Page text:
Type a value in the Celsius field to convert the value to Fahrenheit:



The PFAF Bookshop

Plants For A Future have a number of books available in paperback and digital form. Book titles include Edible Plants, Edible Perennials, Edible Trees, and Woodland Gardening. Our new book to be released soon is Edible Shrubs.

Shop Now


Seed - best sown in a pot in a warm greenhouse as soon as it is ripe and the pot sealed in a plastic bag to retain moisture. It usually germinates in 1 - 8 months at 24°c[133]. When large enough to handle, prick the seedlings out into individual pots and grow them on in the greenhouse for at least a couple of years. Plant them out in late spring or early summer, after the last expected frosts, and give them some protection such as a cloche until they are growing away strongly.

Other Names

If available other names are mentioned here

Achung, Arsaghna, Ba-tel-hawng, Badur, Baghraj, Balukand, Bebebikeno, Buk, Chena, Daiga, FiÕi Andoi, Hakai, Hita, Iles-iles, Jimmikand, Kanda, Karnai-kilangu, Kembang bangah, Keobi, Leba, Loka, Loki, Ol kochu, Ol, Ool, Pungapung, Soa, Soro, Stinking Snakeskin Lily, Suran, Suvarna gadde, Suweg, Talingo potato, Telinga potato, Teve, Ubi kekek, Voodoo lily, Walur, Whitespot giant arum, Zamin-kand.

Found In

Countries where the plant has been found are listed here if the information is available

Coming Soon

Weed Potential

Right plant wrong place. We are currently updating this section. Please note that a plant may be invasive in one area but may not in your area so it’s worth checking.

None Known

Conservation Status

IUCN Red List of Threatened Plants Status : Least Concern

Related Plants
Latin NameCommon NameHabitHeightHardinessGrowthSoilShadeMoistureEdibleMedicinalOther
Amorphophallus konjacDevil's Tongue, Devil's Tongue, Snake Plant, Konjac, Konnyaku Potato, Voodoo LilyPerennial1.3 6-11 FLMFSM422
Amorphophallus rivieriDevil's Tongue, Umbrella Arum, Leopard Palm, Snake PalmPerennial0.8 10-11  LMSNM22 

Growth: S = slow M = medium F = fast. Soil: L = light (sandy) M = medium H = heavy (clay). pH: A = acid N = neutral B = basic (alkaline). Shade: F = full shade S = semi-shade N = no shade. Moisture: D = dry M = Moist We = wet Wa = water.


Print Friendly and PDF

Expert comment



Botanical References


Links / References

For a list of references used on this page please go here
A special thanks to Ken Fern for some of the information used on this page.

Readers comment

RAJA CHOWDARY   Sat Feb 19 20:58:32 2005

hai this is raja,i just want to know the molecular methods for the production of disease resistant varities of elephant foot yam

   Thu Apr 14 09:59:44 2005

Amorphophallus paeoniifolius is a highly potential cash crop. Details of commercial cultivation, planting material production and about a unique Revolving Fund Scheme run by the author are described in the website.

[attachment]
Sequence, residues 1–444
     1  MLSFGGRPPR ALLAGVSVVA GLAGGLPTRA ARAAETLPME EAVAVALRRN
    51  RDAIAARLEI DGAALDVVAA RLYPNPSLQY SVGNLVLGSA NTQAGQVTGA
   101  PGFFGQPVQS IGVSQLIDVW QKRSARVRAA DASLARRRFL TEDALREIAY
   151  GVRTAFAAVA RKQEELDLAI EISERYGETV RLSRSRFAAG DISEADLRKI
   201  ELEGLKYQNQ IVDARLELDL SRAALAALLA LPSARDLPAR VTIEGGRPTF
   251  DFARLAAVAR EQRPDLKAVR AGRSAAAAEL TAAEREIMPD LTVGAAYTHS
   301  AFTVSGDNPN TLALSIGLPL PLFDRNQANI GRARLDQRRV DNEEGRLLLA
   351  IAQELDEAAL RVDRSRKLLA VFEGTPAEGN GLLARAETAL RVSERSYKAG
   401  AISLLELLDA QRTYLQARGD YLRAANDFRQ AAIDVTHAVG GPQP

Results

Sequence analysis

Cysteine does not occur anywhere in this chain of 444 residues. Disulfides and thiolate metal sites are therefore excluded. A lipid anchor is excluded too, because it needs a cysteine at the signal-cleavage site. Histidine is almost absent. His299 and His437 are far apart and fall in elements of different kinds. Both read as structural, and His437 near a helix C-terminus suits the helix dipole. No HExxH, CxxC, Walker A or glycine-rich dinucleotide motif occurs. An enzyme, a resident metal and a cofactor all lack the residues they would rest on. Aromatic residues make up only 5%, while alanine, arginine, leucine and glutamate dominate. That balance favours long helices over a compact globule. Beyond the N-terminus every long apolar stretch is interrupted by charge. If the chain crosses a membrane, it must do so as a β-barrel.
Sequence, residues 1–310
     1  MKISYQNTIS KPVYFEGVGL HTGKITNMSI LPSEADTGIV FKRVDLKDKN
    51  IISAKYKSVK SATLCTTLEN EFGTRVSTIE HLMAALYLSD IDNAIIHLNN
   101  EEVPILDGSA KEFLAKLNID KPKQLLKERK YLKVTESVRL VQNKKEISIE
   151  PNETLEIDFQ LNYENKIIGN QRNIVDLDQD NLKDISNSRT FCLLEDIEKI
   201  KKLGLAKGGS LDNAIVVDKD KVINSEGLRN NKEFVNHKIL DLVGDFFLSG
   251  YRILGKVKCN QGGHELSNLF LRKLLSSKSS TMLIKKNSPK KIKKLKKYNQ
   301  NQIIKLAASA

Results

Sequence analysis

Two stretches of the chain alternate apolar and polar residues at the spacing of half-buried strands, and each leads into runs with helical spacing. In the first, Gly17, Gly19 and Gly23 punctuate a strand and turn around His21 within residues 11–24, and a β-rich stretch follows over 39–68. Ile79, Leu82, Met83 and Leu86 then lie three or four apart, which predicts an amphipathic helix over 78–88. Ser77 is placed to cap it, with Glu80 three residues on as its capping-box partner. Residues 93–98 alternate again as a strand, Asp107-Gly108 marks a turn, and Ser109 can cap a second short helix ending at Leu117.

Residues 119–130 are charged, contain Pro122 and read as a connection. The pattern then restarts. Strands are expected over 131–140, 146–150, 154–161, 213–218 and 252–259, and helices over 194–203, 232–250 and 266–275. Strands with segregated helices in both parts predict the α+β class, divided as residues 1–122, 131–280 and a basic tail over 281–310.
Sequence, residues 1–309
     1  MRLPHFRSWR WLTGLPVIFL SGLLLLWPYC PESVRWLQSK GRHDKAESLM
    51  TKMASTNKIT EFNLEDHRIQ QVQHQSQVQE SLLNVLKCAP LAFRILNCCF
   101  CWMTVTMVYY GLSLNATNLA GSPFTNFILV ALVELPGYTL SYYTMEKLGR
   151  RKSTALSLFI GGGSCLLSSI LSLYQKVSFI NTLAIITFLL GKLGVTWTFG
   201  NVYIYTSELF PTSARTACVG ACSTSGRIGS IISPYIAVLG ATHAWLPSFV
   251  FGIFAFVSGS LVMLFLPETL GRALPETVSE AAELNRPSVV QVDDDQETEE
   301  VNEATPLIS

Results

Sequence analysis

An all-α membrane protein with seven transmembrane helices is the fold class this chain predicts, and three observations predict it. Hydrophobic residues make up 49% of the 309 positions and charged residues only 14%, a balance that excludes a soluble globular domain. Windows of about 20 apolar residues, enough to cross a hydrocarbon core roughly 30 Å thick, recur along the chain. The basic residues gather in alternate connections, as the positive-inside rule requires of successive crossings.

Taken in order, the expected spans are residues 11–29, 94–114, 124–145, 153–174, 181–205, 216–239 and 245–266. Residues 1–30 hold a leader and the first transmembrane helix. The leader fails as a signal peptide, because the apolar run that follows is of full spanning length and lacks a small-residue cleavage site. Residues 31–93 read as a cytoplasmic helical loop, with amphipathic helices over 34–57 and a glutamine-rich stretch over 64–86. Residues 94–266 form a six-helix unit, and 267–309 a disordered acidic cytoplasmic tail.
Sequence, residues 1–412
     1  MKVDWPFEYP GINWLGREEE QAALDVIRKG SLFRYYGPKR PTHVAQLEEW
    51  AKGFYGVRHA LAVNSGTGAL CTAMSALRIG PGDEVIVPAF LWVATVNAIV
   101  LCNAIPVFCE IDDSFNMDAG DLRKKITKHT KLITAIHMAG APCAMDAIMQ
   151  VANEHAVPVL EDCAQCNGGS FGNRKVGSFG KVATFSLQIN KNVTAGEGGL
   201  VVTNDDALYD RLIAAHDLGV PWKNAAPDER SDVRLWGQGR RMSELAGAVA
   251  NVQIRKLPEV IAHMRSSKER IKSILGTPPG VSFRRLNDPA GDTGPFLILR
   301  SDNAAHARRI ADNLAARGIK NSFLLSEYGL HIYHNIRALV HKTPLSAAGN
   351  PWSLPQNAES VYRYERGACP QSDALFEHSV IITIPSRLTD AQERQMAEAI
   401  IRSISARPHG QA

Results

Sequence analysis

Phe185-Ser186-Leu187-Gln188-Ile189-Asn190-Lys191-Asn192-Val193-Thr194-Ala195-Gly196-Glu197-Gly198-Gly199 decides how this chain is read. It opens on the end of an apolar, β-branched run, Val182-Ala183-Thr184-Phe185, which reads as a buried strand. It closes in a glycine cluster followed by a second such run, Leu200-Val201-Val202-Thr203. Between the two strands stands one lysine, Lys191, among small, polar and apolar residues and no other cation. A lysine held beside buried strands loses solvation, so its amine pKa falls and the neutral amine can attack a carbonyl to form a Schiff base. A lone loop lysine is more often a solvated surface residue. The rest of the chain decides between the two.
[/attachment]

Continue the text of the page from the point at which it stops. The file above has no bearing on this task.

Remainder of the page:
iswarya   Mon Jun 13 07:29:27 2005

hi,this is ishwarya.i want to know about the compounds and metabolites present in this amorphophallus campanulatus,and amorphophallus paeoniifolius

malar   Mon Dec 19 2005

hi this malar i want to know about active principles in amorphpphallus paenoiifolius

Kergraiy   Mon Apr 10 2006

very helpful, i needed it for a school assignment, and it proved to have almost ALL of the info i needed!

QR Code

What's this?

This is a QR code (short for Quick Response) which gives fast-track access to our website pages. QR Codes are barcodes that can be read by mobile phone (smartphone) cameras. This QR Code is unique to this page. All plant pages have their own unique code. For more information about QR Codes click here.

1. Copy and print the QR code to a plant label, poster, book, website, magazines, newspaper etc and even t-shirts.

2. Smartphone users scan the QR Code which automatically takes them to the webpage the QR Code came from.

3. Smartphone users quickly have information on a plant directly for the website on their phone.

Add a comment

If you have important information about this plant that may help other users please add a comment or link below. Only comments or links that are felt to be directly relevant to a plant will be included. If you think a comment/link or information contained on this page is inaccurate or misleading we would welcome your feedback at If you have questions about a plant please use the Forum on this website as we do not have the resources to answer questions ourselves.

* Please note: the comments by website users are not necessarily those held by PFAF and may give misleading or inaccurate information.

To leave a comment please Register or login here All comments need to be approved so will not appear immediately.

Subject : Amorphophallus paeoniifolius  
© 2010, Plants For A Future. Plants For A Future is a charitable company limited by guarantee, registered in England and Wales. Charity No. 1057719, Company No. 3204567. This work is licensed under a Creative Commons License. Some information cannot be used for commercial reasons or be modified (but some can). Please view the copyright link for more information.
Web Design & Management